Novel of multicultural 'clash' is reading project selection

Laura Brown and book
Lindsay France/University Photography
Laura Brown, Cornell senior vice provost for undergraduate education, poses with the Amara Lakhous novel chosen for the 2014 New Student Reading Project.

Incoming freshmen and transfer students at Cornell will read Amara Lakhous’ novel “Clash of Civilizations Over an Elevator in Piazza Vittorio” this summer. The 2014 selection for the university’s New Student Reading Project is a cosmopolitan, intercultural murder mystery narrated by a variety of unique, idiosyncratic and often comically outspoken residents of a modern apartment building in the center of Rome.

“Lakhous’ story generates a range of engaging topics for discussion and exploration – including emigration and immigration, ethnic stereotyping, cosmopolitan culture and literature,” said Laura Brown, senior vice provost for undergraduate education. “It explores cultural difference through evocations of cuisine, custom, religion, politics, class, language, profession and even pet-keeping. The novel also contributes to ongoing debates around the status and the future of the immigrant in a global economy.”

During Orientation in August, the bookwill be the subject of discussion in small seminars led by faculty and staff, required for all new Cornell students. Throughout the 2014-15 academic year, faculty-in-residence and faculty fellows affiliated with residence halls on North Campus will offer specialevents connected to themes from the book. These events will allow students to explore a wide range of ideas and cultural issues with faculty and students from colleges and schools across the university. The annual reading project also will be supported by a website with additional resources for readers to explore.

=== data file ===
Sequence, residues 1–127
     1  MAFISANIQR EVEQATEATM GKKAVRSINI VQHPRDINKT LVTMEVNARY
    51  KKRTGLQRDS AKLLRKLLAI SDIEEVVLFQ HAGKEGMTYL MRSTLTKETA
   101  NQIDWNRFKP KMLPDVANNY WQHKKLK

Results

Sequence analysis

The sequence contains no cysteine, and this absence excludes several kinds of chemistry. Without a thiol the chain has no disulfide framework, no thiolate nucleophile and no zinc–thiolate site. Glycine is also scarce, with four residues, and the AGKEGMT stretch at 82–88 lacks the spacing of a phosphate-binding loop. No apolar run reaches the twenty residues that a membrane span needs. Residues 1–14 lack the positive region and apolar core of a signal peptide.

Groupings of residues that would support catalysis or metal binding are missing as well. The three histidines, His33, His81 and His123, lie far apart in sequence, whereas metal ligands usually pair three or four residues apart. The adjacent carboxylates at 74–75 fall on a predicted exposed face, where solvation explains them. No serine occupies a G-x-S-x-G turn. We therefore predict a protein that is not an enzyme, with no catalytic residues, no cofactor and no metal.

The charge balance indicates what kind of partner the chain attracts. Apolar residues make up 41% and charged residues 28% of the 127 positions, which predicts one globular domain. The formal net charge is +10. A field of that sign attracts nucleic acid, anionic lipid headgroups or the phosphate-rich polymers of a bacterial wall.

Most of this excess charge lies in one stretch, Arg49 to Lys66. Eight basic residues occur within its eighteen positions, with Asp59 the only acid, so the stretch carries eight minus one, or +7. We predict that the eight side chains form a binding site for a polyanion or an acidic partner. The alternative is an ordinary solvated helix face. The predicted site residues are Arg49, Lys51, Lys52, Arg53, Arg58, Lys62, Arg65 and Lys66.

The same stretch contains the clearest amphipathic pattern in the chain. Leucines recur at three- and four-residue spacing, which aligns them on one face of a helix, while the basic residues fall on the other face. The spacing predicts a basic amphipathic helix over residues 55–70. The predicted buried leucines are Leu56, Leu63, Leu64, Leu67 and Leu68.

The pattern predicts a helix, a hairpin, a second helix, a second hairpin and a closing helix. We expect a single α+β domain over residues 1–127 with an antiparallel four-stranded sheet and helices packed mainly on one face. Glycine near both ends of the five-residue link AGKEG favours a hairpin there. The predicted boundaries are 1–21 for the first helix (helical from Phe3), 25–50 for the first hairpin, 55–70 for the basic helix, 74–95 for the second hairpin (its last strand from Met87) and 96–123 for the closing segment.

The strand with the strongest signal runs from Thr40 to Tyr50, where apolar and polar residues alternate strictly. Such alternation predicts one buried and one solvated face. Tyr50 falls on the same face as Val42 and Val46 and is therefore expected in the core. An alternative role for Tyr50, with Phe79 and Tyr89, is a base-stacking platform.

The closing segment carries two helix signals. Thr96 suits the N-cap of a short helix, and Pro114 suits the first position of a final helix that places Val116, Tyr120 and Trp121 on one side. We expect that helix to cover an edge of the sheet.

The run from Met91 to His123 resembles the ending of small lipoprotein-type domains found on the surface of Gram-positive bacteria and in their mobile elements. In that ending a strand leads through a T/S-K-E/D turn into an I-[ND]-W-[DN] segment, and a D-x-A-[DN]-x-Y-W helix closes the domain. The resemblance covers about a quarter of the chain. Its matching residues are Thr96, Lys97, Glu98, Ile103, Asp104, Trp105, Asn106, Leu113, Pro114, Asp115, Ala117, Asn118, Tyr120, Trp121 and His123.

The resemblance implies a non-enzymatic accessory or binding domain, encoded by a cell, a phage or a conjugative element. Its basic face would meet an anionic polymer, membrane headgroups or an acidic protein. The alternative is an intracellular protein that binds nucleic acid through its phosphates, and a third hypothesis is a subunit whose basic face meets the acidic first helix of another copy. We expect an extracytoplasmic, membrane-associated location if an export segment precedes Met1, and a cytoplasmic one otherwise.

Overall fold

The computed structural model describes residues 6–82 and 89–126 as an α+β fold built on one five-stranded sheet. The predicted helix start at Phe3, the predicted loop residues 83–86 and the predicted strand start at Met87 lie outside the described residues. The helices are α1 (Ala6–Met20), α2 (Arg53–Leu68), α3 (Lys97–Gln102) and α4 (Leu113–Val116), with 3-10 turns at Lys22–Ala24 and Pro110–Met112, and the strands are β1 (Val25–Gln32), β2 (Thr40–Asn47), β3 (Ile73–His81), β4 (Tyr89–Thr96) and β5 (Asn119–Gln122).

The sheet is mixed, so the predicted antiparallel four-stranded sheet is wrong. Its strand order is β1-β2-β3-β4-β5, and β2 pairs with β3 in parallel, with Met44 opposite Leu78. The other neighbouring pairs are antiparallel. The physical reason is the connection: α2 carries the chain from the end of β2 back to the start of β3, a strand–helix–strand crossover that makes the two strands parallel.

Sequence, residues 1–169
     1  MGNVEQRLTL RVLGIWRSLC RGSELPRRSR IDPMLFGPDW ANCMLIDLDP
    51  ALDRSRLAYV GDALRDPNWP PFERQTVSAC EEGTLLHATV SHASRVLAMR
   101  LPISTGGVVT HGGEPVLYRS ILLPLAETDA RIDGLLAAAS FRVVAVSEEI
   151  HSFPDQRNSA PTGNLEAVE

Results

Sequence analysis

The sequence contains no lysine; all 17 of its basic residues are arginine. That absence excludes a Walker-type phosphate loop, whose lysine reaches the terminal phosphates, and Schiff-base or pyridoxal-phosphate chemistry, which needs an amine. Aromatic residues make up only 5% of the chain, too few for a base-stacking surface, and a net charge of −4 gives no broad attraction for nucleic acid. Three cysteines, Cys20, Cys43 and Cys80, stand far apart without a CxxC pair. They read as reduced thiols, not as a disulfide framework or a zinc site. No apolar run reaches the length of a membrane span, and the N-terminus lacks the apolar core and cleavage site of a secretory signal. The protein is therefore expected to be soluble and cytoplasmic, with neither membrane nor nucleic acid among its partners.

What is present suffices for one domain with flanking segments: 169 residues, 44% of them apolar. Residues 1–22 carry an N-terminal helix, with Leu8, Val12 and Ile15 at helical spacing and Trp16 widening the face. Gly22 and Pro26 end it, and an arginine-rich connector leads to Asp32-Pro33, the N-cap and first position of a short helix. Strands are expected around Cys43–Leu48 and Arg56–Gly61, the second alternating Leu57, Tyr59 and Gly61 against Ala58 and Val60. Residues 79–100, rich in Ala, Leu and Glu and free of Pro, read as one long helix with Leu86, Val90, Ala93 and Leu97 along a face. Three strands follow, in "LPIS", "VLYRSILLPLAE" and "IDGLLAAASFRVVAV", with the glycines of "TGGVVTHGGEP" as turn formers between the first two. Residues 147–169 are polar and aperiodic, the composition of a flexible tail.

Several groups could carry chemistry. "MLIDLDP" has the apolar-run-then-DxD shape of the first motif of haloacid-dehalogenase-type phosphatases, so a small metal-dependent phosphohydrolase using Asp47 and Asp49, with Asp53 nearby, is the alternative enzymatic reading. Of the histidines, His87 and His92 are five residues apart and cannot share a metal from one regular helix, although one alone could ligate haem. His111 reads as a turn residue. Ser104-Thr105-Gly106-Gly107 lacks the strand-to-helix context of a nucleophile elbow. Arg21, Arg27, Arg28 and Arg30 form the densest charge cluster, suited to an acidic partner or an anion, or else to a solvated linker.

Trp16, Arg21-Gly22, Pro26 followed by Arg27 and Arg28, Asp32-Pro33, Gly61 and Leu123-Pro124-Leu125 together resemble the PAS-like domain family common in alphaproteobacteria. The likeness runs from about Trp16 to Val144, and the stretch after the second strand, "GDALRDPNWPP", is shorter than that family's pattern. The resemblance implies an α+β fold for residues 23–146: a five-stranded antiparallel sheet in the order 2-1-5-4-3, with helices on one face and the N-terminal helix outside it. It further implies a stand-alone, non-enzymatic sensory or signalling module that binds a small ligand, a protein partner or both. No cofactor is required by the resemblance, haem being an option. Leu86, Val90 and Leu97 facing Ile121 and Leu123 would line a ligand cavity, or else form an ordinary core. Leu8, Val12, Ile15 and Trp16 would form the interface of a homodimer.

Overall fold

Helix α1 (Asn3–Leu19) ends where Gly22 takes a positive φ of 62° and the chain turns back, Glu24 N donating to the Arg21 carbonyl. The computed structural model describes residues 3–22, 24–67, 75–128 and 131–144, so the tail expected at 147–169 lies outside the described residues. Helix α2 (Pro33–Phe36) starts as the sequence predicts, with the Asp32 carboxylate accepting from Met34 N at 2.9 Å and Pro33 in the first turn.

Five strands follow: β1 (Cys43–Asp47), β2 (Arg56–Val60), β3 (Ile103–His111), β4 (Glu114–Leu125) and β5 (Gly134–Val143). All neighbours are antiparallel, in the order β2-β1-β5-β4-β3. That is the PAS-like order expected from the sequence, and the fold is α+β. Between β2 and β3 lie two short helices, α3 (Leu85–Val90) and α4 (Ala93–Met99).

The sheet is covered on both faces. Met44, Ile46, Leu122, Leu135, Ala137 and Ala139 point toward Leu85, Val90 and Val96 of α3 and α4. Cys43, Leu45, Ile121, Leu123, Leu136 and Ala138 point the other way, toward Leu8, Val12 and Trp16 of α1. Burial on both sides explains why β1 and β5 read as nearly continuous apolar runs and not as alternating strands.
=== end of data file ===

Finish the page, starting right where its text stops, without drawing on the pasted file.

“Clash of Civilizations Over an Elevator in Piazza Vittorio” conveys the global perspectives of immigration and exile, using narrative unreliability as a way of translating preconception and prejudice into a realistic empathy for the marginal populations of the world’s major urban centers.

Chapter by chapter, each character’s testimony adds to a contradictory, colorful story of personal struggle, ethnic identity, marginality and preconception – no one perspective is finally reliable. Even Amedeo, the character whose journal entries link the chapters into a common story and whose balanced appreciation for all his neighbors seems to reflect a broader wisdom, is engaged in his own subterfuge.

Comedy and tragedy mesh as the murder investigation uncovers the identity of the true criminal. Lakhous’ characters stereotype each other and themselves so colorfully and paradoxically that their collective portrait becomes a warm, vital picture of the modern city, animated by the “clash of civilizations” in every elevator, in every dwelling and on every street. For Lakhous, this “clash” is our best hope for wisdom and understanding: “The worst that can arise between two societies is indifference. [R]oads with intersections produce surprises and reveal new routes to travel down. That is how genuine understanding and wisdom is born,” the author says.

Born in Algiers, Lakhous immigrated to Rome in 1995. “Clash of Civilizations” is his second novel, first published in Italy in 2006 and in an English-language edition in 2008. Lakhous published an earlier version of the book in Arabic as “How to Be Suckled by the Wolf and Not Get Bit.”

“I have always refused to take part in any feud between languages,” Lakhous says of his multilingual writing.

The novel received the prestigious Flaiano Prize and Racalmare-Leonardo Sciascia Literary Prize in Italy, and Algeria’s top literary prize, the Prix des Libraires Algériens. A best-seller in Europe, it was adapted in 2009 for a film by director Isotta Toso.

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John Carberry